Hello friends,On Sunday 7th March 2010 we returned from our recent 5 ½ day, 105 km long trek across part of the Sahara desert in South Morocco.
We were part of a 48 strong team of trekkers (20 men & 28 women) whose main aim was to raise valuable funds for Macmillan Cancer Support, together with 3 Discover Adventure leaders, a doctor, 20 local Berbers and 11 camels!!
We had 2 Berber guides who led us through the desert (one at the front of the group and one behind), and we trekked up to 22 km a day for around 6 hours daily. The terrain we covered varied from loose soft sand dunes through boulder strewn ground to a firm salt pan. We generally had several short breaks during the day (to regroup, toilet breaks, snack time) with a 2 hour lunch in shade at the hottest part of the day.
Our accommodation at the end of each day consisted of several 8-man tents, together with a communal mess tent in which we generally ate our evening 3 course meal. We made the choice to sleep outside under the stars as much as we could during the trek and we were lucky enough to do so 3 times during the trek. One of those nights, however, we were woken by a very loud clap of thunder followed by an instantaneous heavy downpour, and had to make a swift dash back to our tent with sleeping bags, bed rolls, etc. We soon found out that the tents weren’t waterproof and spent the rest of the night with drips of rain coming in, fortunately it was a mild night and we did manage to get some sleep.
It was still raining when we awoke in the morning, and although it soon stopped, this was the day we experienced the freakiest variety of weather – we trekked through more rain, thunder and lightning, hail, sun and ended up trekking through a sandstorm!! We reached camp much earlier that day due to not having a lunch stop, and as a result, the men in the group assisted the Berbers in getting all the tents erected – no mean task in a sandstorm!! The women in the group had an easier afternoon – we tidied the mess tent – a bit of a waste of time really because as fast as we cleared the sand, it just blew back in again!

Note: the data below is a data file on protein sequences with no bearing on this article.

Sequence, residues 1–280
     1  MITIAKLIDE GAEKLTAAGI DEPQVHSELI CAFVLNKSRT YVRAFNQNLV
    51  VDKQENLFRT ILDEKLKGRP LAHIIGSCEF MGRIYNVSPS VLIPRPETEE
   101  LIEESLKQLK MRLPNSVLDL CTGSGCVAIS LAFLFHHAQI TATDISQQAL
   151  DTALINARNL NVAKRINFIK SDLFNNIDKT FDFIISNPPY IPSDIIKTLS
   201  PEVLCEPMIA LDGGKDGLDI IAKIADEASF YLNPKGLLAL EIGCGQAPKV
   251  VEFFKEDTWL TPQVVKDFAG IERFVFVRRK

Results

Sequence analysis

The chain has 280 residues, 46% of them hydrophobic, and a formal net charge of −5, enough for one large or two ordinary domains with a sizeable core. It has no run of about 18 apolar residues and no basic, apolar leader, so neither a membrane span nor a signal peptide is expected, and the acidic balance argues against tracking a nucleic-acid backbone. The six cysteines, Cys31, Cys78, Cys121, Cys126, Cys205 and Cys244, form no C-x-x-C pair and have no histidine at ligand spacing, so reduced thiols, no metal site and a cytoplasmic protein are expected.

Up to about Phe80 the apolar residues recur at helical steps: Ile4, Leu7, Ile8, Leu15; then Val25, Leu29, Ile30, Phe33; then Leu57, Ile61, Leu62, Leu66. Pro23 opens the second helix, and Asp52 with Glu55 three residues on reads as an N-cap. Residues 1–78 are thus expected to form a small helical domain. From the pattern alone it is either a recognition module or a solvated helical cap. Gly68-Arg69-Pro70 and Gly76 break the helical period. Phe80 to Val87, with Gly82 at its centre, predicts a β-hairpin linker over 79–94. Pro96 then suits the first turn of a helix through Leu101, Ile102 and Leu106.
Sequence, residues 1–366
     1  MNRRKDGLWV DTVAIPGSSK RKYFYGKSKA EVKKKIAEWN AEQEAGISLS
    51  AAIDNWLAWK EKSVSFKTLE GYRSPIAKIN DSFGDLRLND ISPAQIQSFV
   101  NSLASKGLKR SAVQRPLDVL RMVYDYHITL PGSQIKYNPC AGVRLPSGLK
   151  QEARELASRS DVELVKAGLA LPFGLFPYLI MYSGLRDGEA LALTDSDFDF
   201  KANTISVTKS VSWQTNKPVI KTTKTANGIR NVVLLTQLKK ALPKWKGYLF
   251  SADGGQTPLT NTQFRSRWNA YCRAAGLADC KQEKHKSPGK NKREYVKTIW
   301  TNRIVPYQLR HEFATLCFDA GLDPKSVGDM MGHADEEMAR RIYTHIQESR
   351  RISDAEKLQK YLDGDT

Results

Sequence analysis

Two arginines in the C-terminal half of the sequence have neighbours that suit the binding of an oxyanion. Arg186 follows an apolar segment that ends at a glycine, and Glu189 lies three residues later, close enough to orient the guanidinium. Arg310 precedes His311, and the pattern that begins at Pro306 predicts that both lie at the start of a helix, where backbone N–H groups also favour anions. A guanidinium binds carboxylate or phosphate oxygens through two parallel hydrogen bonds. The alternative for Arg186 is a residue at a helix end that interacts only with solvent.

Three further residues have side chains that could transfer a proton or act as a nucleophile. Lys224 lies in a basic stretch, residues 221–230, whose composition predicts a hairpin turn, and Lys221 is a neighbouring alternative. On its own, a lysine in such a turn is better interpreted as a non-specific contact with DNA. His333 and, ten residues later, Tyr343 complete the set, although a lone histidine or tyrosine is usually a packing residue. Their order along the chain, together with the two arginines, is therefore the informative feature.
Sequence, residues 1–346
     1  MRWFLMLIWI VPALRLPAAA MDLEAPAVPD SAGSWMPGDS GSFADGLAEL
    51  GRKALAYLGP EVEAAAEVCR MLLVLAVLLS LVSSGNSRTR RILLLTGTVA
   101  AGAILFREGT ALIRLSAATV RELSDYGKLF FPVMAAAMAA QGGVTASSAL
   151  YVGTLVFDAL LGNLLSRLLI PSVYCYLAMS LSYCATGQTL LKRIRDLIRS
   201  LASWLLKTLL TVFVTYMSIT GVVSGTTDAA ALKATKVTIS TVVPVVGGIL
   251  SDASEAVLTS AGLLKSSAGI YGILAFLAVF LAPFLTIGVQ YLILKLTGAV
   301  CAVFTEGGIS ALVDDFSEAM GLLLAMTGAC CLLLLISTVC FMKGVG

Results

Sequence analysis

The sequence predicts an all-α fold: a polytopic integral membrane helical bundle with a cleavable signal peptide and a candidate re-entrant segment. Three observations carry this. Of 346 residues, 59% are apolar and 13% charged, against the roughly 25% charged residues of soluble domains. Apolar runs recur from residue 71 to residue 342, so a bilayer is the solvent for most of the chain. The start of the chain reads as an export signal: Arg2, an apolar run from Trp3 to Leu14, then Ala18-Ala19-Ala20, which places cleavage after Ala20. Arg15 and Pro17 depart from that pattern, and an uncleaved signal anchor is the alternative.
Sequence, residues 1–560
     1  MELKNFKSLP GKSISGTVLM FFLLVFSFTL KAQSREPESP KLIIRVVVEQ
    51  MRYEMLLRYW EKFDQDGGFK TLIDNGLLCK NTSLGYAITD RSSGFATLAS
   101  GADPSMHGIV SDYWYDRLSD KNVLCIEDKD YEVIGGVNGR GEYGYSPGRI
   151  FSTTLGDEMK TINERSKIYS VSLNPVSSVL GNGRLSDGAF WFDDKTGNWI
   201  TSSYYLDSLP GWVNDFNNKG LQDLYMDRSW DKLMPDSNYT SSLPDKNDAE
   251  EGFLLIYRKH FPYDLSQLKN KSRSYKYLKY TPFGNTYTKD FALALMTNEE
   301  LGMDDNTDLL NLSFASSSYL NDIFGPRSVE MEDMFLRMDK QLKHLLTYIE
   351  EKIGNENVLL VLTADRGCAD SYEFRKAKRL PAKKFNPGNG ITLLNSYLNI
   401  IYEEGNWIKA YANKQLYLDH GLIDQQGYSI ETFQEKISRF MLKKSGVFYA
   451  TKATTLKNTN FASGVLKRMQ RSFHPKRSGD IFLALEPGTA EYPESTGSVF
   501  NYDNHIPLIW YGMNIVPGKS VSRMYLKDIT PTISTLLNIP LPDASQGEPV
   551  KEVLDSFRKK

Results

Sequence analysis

The temperature varied from around 16deg c in the morning up to about 36deg c, we had some cloudy days with at least 1 full day of sun.
We carried our day rucksack in which we had our water supplies, sun lotion, waterproofs, snack bars, camera and anything else we may need whilst trekking and the camels carried our main holdall with our change of clothes, sleeping kit, washing gear etc.
The meals during the trek were excellently cooked and presented beautifully by the Berbers. For breakfast there was porridge, omelettes, pancakes, freshly baked bread with preserves, honey and cheese spreads. Lunch consisted of bean salads, sliced onions, cucumber, tinned tuna/mackerel, cheese, spam,, beetroot, olives, peppers and tomatoes, together with a banana, apple or orange. Our evening meals were much varied – the first couple of days we had goat, with potatoes and vegetables, this was followed by a more vegetarian diet served with pasta, spaghetti or cous cous. The first course was always soup, and our dessert was either tinned peach/pear, or fruit salad, with a piece of birthday cake (again made by the Berbers) on the days when any of the group had a birthday. All meals were accompanied by copious amounts of Moroccan mint tea. The food provided was so amply provided that there was always ‘second helpings’ if desired.
Overall we had an excellent trekking experience which was a challenge, however a number of the group suffered with a few blisters, and 2 people were quarantined with a separate tent and toilet for a couple of days as a precaution.
The total funds raised by the group as a whole, prior to the start of the trek was £100,000 with monies still to be added. Up to date Pete and I have raised, with the help of our supporters, over £6200 with donations still being given to us.
Should you wish to help us raise valuable funds for Macmillan Cancer Support you can donate on this page, so please dig deep and donate now, just click on the 'donate now' button.
Di and Pete